Immanuel Kant, Op. Cit., p. 184. Immanuel Kant, Op. Cit., p. 186.
Chapter Two: Immanuel Kant¶s Theory of Knowledge world as it is in itself, which is purely intelligible, or nonsensual; the µphenomena¶ and the µnoumena¶. He argues that our knowledge is limited to the phenomenal reality ± things that could be the subject of experience. For only things that are experienced are subject to the categorizing and unifying activity of the mind. To be experienced, objects must be in space and time, be related to one another by cause and effect, and otherwise be subject to the principles of cognition; but we cannot apply these categories and principles to things ³as they are in themselves´ ± noumena, or things that exist outside experience.46 Concerning this noumenal world, skepticism is unavoidable, for Kant. When rules that apply to the world of experience are applied to a reality beyond experience, contradictions and mistakes result. Kant argued that there are three regulative ideas that we tend to think about; ideas that lead us beyond sense experiences but about which we cannot be indifferent because of our inevitable tendency to try to unify all our experience. These ideas are of the self, the cosmos and of God. They are transcendental and are not produced by intuition but by pure reason alone. They at least, point to possibilities in the noumenal realm but we can have no knowledge of the realm. Kant¶s use of these regulative ideas exemplifies his way of mediating between dogmatic rationalism and skeptical empiricism. With the empiricists, he agrees that we can have no knowledge of reality beyond experience. These transcendental ideas cannot give us any theoretical knowledge of realities corresponding to these ideas. As solely regulative ideas, they give us a reasonable way of dealing with the constantly recurring questions raised by metaphysics. To this extent, Kant acknowledged the validity of the subject matter of rationalism. His critical analysis of the scope of human reason, however, led him to discover earlier
Brooke N. Moore and Kenneth Bruder, Philosophy: The Power of Ideas, (New York: The McGraw Hill Companies, Inc., 2005), p. 142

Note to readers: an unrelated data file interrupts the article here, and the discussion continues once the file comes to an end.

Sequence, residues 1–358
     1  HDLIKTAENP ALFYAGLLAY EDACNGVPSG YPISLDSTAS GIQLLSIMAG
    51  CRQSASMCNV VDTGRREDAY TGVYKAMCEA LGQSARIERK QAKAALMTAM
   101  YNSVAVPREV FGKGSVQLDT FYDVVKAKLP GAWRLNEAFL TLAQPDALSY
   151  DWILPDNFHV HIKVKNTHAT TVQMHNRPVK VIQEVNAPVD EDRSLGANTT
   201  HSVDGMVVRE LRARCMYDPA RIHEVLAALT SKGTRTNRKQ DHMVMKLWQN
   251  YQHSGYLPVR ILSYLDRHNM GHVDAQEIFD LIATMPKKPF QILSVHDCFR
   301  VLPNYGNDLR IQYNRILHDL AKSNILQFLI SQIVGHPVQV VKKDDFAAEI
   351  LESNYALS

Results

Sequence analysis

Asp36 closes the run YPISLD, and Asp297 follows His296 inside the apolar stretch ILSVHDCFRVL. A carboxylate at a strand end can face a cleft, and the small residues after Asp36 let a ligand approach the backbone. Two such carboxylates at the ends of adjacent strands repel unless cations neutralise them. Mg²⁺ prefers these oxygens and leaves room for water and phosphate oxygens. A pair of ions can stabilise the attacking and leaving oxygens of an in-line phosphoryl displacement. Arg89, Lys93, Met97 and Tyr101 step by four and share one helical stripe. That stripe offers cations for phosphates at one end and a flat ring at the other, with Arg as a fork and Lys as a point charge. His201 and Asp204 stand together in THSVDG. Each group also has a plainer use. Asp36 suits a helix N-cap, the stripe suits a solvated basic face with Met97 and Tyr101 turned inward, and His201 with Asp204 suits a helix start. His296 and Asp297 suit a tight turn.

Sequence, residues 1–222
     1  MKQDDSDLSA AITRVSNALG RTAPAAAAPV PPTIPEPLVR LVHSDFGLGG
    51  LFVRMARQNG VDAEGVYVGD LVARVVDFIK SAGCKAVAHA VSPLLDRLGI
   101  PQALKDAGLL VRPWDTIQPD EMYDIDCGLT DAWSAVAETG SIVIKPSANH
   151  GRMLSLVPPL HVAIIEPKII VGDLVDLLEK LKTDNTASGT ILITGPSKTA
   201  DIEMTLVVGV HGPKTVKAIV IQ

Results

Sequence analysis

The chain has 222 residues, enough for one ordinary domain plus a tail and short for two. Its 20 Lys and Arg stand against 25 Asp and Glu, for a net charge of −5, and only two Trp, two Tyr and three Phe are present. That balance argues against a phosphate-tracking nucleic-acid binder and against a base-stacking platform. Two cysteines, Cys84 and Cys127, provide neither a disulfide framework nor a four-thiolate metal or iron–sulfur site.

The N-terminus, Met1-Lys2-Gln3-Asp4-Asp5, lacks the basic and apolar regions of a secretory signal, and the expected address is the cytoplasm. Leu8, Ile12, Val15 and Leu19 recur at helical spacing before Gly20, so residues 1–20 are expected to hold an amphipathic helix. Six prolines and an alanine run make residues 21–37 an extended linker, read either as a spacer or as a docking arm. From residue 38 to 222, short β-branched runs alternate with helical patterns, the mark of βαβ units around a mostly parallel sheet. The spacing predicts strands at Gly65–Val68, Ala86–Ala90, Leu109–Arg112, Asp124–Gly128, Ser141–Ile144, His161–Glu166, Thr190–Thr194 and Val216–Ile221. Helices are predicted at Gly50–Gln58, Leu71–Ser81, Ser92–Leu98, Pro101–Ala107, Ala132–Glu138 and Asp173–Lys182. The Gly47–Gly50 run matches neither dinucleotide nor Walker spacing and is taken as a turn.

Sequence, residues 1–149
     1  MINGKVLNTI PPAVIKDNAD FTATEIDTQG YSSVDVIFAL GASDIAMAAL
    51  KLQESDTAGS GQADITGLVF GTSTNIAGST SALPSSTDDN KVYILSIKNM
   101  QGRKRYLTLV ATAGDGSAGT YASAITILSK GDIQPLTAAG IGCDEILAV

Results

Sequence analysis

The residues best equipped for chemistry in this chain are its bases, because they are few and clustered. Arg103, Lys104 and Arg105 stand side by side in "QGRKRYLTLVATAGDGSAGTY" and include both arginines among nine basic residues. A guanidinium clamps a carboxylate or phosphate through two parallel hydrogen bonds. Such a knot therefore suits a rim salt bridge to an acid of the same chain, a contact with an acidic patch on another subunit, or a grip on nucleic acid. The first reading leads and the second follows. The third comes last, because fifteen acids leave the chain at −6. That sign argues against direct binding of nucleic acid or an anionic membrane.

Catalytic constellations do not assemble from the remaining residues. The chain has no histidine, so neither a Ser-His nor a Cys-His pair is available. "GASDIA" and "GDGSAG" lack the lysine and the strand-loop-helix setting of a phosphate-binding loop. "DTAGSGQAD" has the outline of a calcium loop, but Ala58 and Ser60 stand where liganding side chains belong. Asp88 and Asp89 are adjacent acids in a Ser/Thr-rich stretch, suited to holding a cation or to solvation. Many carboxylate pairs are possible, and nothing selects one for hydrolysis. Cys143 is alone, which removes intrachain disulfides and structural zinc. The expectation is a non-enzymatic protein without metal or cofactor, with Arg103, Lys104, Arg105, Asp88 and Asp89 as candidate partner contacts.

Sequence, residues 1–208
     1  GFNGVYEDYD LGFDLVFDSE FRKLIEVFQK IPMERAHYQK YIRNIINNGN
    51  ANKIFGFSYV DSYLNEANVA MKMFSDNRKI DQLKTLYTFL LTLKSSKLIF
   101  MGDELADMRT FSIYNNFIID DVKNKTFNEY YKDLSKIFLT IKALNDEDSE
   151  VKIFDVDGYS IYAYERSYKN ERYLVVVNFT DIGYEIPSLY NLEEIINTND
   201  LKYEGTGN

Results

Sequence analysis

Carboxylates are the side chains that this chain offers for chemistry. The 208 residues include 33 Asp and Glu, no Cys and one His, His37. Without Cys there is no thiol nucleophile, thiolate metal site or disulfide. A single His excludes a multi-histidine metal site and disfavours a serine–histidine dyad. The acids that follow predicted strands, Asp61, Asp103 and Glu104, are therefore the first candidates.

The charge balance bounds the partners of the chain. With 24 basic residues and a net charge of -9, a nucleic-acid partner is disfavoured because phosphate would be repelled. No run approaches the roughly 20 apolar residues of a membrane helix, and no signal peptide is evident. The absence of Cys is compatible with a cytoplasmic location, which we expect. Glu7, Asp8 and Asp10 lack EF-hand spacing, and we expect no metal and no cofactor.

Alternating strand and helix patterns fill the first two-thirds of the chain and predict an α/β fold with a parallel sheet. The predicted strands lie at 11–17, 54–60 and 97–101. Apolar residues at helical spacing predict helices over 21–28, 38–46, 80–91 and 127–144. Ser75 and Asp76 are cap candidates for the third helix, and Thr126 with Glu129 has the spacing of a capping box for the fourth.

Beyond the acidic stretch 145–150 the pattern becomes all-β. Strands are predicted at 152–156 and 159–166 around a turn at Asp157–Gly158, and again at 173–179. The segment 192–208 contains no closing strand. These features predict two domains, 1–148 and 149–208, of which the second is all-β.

Chapter Two: Immanuel Kant¶s Theory of Knowledge rationalists had made the error of treating transcendental ideas as though they were ideas about actual beings.47 The Transcendental Analytic shows that there cannot be a world of mere appearances, mere objects of sense that do not fall under any categories or instantiate any rules. But we cannot conclude from this that there is a non-sensible world that is established by the intellect alone. To accept the existence of extra-sensible objects that can be studied by the use of pure reason is to enter a realm of illusion, and in his µtranscendental dialectic¶ Kant explores this world of enchantment.
Transcendental Dialectic Transcendental dialectic is introduced as if it were merely the negative counterpart of
analytic - as if its sole purpose were to expose the illusions generated when dogmatic philosophers, unaware of the sensuous conditions under which alone we can make successful use of a priori concepts, attempt to apply them outside the sphere of possible experience. In fact a large part of the section titled ³Dialectic´ is devoted to the exposure of metaphysical sophistries. But insofar as Kant recognizes in this part of his work the existence of a further set of intellectual operations involved in scientific inquiry, he seeks to show that the faculty of theoretical reason as well as that of the understanding has its appropriate pure employment.